He has started to try and meet the challenge. The cell is full of irreducible complexity especially the eukaryotic cell.
@colewd, there is an unfortunate pattern of Behe supporters misquoting Behe. I’m not sure we can dismiss what Behe has clearly written based on your conjecture as to what he really means.
So we could find the evolutionary history of 3 billion irreducibly complex systems, but if there is just 1 we haven’t explained then the challenge has not been met?
As you get closer your position strengthens but to just get to the first step of evolution the spliceosome is in the way which makes the flagellum look like a chip shot.
Who had post 22 in the “when will colewd bring up the spliceosome” pool?
I understand that you believe that constructive neutral evolution solves the problem. I am very interested in this mechanism being demonstrated to find complex sequences of an irreducibly complex system like the flagellum.
And neither did I. I claimed they were examples used to demonstrate IR. I would think a comparable complexity would be required to meet the challenge.
Are you claiming that when we get down to what groups of proteins do, the mechanisms by which bacteriophage work are not comparably complex?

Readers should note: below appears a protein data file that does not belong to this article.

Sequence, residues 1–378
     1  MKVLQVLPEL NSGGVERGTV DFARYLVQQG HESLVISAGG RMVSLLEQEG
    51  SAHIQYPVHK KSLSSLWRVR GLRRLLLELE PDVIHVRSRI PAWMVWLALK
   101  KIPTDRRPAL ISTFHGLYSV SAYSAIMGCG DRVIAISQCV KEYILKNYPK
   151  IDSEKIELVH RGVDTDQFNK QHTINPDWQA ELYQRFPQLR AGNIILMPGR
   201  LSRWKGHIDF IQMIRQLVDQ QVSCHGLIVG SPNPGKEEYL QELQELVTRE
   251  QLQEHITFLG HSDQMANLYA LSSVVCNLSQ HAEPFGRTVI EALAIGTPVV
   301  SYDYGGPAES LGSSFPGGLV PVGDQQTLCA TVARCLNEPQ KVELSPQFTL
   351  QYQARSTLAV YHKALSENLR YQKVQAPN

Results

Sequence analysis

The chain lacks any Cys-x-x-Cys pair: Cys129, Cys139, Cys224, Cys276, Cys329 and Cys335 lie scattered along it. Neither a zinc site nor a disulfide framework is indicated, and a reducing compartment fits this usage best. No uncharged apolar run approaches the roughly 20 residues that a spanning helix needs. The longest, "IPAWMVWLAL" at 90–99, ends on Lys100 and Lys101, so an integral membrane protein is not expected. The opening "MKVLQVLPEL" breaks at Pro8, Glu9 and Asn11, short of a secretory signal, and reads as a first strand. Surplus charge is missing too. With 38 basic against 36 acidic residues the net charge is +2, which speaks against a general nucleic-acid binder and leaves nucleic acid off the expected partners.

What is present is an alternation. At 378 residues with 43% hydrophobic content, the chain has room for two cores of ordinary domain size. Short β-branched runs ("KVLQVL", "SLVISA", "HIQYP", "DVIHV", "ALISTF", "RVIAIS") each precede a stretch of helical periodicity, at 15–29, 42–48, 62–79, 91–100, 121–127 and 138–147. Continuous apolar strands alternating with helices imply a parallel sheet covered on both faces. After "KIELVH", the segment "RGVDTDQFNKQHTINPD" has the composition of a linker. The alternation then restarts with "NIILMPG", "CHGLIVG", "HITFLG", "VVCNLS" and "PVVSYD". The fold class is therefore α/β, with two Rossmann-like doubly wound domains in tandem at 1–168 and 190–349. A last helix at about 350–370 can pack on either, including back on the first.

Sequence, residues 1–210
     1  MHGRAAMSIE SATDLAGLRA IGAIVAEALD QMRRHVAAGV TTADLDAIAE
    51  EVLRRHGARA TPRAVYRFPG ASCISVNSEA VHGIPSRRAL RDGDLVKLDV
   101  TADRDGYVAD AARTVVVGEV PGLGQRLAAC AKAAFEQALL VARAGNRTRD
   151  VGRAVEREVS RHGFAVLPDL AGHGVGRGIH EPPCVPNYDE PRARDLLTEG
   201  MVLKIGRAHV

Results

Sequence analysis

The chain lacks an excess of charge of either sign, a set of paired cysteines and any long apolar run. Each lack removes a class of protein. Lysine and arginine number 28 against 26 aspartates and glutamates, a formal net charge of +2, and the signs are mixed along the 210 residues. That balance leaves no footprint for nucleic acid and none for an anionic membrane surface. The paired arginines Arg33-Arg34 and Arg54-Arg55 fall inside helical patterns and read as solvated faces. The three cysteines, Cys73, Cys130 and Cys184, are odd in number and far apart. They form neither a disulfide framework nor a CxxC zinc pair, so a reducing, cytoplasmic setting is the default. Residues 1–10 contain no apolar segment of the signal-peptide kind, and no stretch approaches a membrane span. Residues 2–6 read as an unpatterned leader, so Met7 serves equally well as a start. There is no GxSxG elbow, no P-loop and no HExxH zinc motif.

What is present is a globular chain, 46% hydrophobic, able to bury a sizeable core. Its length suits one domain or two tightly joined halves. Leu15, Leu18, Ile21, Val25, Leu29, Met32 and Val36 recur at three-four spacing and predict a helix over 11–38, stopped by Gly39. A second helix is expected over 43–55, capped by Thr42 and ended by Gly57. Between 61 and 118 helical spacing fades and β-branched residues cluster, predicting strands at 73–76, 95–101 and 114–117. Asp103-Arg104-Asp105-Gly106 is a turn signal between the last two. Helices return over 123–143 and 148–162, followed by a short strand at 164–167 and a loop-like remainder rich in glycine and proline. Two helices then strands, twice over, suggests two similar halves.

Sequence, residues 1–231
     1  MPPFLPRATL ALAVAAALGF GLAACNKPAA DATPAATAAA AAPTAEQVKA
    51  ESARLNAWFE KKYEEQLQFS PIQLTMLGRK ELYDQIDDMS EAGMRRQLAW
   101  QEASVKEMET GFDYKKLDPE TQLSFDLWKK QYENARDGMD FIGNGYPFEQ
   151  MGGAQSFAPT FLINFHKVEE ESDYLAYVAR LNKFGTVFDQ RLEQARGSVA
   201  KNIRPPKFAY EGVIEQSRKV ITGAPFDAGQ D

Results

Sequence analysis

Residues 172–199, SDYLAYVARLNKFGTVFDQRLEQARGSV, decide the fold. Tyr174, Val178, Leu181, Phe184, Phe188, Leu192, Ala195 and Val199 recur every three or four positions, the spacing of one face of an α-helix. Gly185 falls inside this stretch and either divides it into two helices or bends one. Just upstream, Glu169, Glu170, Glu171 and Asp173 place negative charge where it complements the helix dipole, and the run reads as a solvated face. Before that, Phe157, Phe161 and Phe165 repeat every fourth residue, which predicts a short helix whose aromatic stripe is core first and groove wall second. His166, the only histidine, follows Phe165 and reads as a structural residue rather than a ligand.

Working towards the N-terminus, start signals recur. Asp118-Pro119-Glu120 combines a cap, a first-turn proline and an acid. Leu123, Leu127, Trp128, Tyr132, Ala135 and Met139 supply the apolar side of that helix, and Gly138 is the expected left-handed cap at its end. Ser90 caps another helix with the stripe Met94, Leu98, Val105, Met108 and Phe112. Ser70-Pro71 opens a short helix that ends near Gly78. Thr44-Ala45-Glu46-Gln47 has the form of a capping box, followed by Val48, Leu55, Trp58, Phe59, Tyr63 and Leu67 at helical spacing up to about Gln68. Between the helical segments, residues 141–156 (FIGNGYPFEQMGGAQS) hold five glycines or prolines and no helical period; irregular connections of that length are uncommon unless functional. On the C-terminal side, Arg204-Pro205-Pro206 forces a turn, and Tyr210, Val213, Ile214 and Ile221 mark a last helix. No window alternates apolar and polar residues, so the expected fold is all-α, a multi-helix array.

FYI the spliceosome is not irreducibly complex. And it is not nearly “the first step in evolution”.
a new binding site is very simple compare to a molecular nachines which requires many mutations on many genes.
Put those goalposts back.
The new binding site required many mutations. Challenge met.
There is also nothing indicating he is talking about a single gene or protein or RNA.
Mutations are not parts.
In “Edge of Evolution”, one of the main examples is multiple mutations in the same gene. In his latest book, he uses one gene from polar bears as an example.
Amino acids are parts of proteins.
only if you consider 4 mutations as “many”.
Behe considered 2 mutations “many” in the case of chloroquine resistance that wrote about in “Edge of Evolution”.
That has nothing to do with IC systems. Does he ever refer to a single gene or single protein as an IC system?
Not in the sense that Behe is talkign about.
If you remove an individual amino acid does the protein cease to function?
If you can remove just one amino acid from the protein and have the protein continue to function then it is would not not IC even using your rather bizarre notion.
He says the two are related:
If you change some of those amino acids you do lose the function, yes.